Title: The Weekend – Author: Charlotte Wood – Publisher: Allen & Unwin – Reviewed by: Kim Reardon
Three friends come together for a weekend to clean out the beach house of their friend, Sylvie, who has just passed away. Sylvie’s partner, Gail, has gone to Ireland and left them to it, saying they can take anything they want.
Jude, Wendy and Adele are all in their 70’s and have been friends for many years. Having all met through Sylvie, her loss begs the question of how such friendships can continue when the unifier is gone or, as one of them asks, “how to find a new arrangement among your friends, shuffling around the gap of the lost one, all of you suddenly mystified by how to be with one another.”
Jude is a no-nonsense ex restauranteur. She is on time, tidy, a great cook. She has also been having an affair for forty years with Daniel, who is married, rich and keeps Jude in the style she is accustomed to. Jude just needs to get through this weekend and then she can spend Christmas with Daniel.
Adele is an actress that hasn’t landed a part in years. She is struggling financially and, it seems, her much younger partner is going to split up with her. She has a great body for her age and enviable hair. Wendy is an academic that has written internationally renowned books and plans to write more.
She deeply misses her husband Lance who passed away years ago. Finn is her very old dog that she just can’t bear to put down, even though everyone tells her it is cruel to keep him alive. He was a gift from Sylvie when Lance passed, and Wendy lost her main reason to live. Finn, as it turns out, becomes an allimportant character, a portent of ageing, anxiety, physical deterioration and death.
And so, these three very different personalities come to be stuck in a house together, with an old dog, for two days. What could possibly go wrong? They are aging in a world that doesn’t want old people, “Everybody hated old people now; it was acceptable, encouraged even, because of your paid-off mortgage and your free education and your ruination of the planet.” It is an incisive exploration of women, the essence of friendships, grief, ageing and ageism.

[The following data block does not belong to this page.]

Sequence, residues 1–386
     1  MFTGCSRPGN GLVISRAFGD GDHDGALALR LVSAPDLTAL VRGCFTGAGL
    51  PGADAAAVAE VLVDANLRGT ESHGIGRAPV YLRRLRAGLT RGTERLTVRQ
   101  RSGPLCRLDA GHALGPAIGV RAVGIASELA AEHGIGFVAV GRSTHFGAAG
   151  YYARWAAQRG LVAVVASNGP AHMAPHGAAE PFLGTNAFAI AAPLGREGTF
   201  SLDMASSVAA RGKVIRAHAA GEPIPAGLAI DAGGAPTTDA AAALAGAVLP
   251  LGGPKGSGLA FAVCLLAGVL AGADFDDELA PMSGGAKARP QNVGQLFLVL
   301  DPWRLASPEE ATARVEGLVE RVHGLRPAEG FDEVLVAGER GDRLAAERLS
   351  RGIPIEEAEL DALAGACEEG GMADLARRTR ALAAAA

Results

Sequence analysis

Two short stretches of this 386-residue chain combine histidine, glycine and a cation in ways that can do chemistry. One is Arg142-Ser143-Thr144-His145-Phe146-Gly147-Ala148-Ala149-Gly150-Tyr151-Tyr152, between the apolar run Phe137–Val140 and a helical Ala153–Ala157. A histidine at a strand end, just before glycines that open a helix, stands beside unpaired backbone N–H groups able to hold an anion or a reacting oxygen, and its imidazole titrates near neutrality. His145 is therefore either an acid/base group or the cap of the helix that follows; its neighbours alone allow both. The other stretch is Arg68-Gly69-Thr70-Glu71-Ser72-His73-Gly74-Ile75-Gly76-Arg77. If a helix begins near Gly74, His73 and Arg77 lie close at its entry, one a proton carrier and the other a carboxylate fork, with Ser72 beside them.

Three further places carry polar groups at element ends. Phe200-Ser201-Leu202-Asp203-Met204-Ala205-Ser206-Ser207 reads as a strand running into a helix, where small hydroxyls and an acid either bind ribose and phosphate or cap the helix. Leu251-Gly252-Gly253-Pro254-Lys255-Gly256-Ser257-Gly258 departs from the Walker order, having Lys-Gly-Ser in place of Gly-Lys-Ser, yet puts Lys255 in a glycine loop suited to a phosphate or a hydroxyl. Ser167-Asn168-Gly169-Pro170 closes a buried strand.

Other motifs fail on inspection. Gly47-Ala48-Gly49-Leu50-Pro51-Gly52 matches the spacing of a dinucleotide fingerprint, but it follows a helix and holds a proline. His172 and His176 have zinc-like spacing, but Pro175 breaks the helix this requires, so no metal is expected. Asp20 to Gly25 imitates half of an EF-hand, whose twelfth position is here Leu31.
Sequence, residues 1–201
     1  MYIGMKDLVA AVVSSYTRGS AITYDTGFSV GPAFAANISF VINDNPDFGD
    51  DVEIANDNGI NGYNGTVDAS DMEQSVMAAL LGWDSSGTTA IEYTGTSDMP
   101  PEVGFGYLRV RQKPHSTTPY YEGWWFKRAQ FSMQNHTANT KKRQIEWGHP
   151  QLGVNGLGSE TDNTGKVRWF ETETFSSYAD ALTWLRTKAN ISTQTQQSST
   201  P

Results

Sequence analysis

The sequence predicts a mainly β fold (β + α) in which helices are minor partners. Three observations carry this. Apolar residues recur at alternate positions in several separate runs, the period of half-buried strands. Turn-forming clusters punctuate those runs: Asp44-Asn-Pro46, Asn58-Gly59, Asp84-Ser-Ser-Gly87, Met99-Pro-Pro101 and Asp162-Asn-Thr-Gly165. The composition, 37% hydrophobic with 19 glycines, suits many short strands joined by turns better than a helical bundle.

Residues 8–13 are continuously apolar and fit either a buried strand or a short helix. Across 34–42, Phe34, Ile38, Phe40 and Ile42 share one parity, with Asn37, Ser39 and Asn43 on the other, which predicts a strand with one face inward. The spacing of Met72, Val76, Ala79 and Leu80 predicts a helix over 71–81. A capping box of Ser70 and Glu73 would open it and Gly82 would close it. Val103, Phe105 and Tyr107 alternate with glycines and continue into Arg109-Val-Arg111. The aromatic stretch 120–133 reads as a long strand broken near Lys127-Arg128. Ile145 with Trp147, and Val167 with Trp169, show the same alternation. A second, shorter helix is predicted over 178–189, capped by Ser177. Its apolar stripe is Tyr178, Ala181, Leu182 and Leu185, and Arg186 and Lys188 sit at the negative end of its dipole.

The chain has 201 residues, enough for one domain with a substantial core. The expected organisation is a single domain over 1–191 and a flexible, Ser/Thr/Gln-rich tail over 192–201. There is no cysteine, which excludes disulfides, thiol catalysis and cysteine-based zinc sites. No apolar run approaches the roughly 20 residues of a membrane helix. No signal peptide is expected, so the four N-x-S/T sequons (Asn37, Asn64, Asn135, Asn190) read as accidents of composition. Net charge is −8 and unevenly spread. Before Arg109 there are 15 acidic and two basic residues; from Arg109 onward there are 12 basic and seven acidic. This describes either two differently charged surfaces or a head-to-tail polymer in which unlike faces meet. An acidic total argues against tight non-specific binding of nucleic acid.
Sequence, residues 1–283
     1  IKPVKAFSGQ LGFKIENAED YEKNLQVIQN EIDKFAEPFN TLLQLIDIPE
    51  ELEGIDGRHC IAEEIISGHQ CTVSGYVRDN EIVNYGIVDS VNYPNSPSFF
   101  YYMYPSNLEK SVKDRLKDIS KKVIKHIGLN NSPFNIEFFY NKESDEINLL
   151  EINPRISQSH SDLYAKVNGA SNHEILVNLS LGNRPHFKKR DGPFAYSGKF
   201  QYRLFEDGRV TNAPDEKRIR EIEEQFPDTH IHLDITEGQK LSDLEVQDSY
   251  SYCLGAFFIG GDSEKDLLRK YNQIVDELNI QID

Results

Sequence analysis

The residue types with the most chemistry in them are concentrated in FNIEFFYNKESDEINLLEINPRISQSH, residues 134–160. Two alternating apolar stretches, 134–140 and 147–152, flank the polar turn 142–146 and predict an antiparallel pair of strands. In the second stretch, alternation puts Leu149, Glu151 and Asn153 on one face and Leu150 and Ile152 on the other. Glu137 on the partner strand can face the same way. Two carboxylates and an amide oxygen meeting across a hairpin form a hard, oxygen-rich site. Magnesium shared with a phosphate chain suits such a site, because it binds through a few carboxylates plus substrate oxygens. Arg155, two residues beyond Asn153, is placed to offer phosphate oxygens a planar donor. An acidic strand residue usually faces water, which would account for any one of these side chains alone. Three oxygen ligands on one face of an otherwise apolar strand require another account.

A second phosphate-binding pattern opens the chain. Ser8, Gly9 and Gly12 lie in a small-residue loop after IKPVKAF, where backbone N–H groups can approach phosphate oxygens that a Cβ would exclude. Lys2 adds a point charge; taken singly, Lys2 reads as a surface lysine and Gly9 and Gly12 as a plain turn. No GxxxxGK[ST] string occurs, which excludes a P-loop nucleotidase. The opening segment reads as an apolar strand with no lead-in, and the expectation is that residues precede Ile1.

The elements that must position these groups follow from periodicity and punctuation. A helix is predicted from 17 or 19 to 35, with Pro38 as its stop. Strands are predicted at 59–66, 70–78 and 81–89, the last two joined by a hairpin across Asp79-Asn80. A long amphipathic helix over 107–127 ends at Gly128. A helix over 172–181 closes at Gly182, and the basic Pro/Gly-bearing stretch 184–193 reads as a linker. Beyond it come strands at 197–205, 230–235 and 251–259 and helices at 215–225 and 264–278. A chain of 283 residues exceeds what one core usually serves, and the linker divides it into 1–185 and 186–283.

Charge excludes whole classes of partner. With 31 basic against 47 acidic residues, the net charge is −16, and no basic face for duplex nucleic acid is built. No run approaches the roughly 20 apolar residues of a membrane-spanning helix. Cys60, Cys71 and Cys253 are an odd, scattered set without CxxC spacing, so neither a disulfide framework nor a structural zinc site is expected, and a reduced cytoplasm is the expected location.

Tensions flare, secrets are revealed, and the women are funny at times and cruel at others. They judge each other, they disappoint each other, they ride the wave together. That’s not to say there weren’t some issues, the most notable being the cliché backstories – the faded actress, the forty-year old affair, the grieving widow.
But Wood develops each of the women’s characters wonderfully over the course of the story, with their own blend of strength and vulnerability. Ultimately it was just nice to read about a group of women who had been friends for so long. Charlotte Wood is an accomplished writer.
She recently won the 2016 Stella Prize and the Prime Minister’s Literary Award for Fiction for ‘The Natural Way of Things’, and ‘The Weekend’ is a highly readable and engaging new offering. I did have to ask … and maybe I am just not that nice … but who cleans out their deceased friend’s house? Aren’t there people you can pay to do that.
Kim Reardon – The Reluctant Book Reviewer